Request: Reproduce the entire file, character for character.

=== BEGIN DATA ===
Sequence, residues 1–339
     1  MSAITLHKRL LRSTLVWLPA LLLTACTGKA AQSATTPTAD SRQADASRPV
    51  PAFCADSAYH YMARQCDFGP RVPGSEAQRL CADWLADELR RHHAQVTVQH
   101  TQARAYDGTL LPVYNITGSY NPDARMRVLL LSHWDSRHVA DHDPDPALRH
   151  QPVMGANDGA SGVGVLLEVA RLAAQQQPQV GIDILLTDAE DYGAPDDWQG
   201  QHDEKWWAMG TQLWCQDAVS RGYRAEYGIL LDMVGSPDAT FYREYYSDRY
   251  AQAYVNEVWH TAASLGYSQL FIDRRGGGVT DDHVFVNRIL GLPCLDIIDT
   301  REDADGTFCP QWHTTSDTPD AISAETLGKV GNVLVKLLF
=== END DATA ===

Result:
Sequence, residues 1–339
     1  MSAITLHKRL LRSTLVWLPA LLLTACTGKA AQSATTPTAD SRQADASRPV
    51  PAFCADSAYH YMARQCDFGP RVPGSEAQRL CADWLADELR RHHAQVTVQH
   101  TQARAYDGTL LPVYNITGSY NPDARMRVLL LSHWDSRHVA DHDPDPALRH
   151  QPVMGANDGA SGVGVLLEVA RLAAQQQPQV GIDILLTDAE DYGAPDDWQG
   201  QHDEKWWAMG TQLWCQDAVS RGYRAEYGIL LDMVGSPDAT FYREYYSDRY
   251  AQAYVNEVWH TAASLGYSQL FIDRRGGGVT DDHVFVNRIL GLPCLDIIDT
   301  REDADGTFCP QWHTTSDTPD AISAETLGKV GNVLVKLLF